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Child Abuse Negl. 1998 Feb;22(2):155-7.

The unwanted child.

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Pediatrics Research Institute of the USSR, Academy of Medical Sciences, Moscow, Russia.



The determinants and outcomes of unwanted pregnancies were explored in a prospective study of 1454 women who delivered in Moscow, Russia, during 1984-85. Mothers were interviewed during their postpartum hospital stay and again 3 years later. 131 women (9%) demonstrated a negative attitude toward their pregnancy. Another 72 women (5%) had a negative attitude initially, but developed positive feelings over the course of the pregnancy. The percentage of unwanted pregnancies was 2.9 times greater among unmarried women (14.9%) than married women (5.1%). Poor marital relationships, inadequate living conditions, tobacco/alcohol use, and low per capita income were found significantly more often among women with unwanted pregnancies. Significantly more infants of mothers with unwanted than wanted pregnancies had infants who were premature (28.3% vs. 9.5%) and low birth weight, but there was no significant difference in neonatal complications. Mothers of unwanted infants also were more likely to delay prenatal care and attend infrequently and, once the child was born, made fewer visits to the pediatrician. Even if unwanted pregnancy has no adverse medical sequelae, being unwanted should be considered a psychosocial risk factor with implications for a child's development.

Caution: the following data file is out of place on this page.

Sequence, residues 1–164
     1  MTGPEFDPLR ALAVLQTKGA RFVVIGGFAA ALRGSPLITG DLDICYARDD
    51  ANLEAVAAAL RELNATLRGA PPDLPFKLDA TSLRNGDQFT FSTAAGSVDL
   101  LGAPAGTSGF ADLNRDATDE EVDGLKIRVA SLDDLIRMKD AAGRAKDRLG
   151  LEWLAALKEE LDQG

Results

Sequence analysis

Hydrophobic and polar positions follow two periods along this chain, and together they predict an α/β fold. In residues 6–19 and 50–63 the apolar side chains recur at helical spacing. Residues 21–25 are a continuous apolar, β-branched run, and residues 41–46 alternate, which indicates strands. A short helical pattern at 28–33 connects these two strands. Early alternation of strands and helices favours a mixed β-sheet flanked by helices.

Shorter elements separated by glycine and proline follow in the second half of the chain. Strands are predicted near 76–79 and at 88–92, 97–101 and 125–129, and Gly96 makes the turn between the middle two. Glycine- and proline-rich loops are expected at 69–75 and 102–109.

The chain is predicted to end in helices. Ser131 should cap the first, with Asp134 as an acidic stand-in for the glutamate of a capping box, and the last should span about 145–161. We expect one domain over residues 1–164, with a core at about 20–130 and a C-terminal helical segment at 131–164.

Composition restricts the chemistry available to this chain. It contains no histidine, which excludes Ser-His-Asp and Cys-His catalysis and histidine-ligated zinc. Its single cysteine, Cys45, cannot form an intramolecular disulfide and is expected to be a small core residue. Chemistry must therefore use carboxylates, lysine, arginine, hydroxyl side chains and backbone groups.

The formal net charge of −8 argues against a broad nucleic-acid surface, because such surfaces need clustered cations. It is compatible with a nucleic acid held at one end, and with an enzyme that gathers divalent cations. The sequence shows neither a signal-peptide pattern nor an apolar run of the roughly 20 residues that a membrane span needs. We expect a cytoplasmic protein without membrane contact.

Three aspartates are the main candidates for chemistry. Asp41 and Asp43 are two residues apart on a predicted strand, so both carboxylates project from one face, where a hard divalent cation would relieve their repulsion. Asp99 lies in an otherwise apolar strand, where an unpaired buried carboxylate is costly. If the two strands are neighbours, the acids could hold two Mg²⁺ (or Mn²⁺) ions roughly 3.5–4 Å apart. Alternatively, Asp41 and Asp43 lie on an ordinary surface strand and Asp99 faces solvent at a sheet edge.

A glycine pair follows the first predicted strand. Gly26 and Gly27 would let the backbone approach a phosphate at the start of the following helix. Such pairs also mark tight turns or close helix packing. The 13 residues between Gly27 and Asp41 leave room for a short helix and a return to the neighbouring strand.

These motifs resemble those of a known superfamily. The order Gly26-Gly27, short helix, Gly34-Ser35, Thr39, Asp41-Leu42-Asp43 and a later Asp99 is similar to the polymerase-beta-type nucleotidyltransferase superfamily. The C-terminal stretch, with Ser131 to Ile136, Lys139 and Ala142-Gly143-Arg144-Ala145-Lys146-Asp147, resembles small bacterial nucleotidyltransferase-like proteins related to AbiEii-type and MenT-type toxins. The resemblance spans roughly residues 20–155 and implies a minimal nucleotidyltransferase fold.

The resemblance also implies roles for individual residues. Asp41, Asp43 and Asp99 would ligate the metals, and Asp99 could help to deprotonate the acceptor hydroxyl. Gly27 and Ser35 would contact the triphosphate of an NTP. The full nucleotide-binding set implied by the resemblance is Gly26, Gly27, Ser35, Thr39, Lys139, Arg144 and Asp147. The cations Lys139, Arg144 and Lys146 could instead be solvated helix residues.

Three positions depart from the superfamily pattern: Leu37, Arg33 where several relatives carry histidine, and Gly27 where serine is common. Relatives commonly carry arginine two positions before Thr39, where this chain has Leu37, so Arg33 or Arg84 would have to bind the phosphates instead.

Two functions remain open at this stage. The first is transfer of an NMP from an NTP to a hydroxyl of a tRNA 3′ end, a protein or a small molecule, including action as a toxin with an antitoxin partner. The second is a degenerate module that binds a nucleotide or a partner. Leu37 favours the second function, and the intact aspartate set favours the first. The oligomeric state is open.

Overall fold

[Indexed for MEDLINE]

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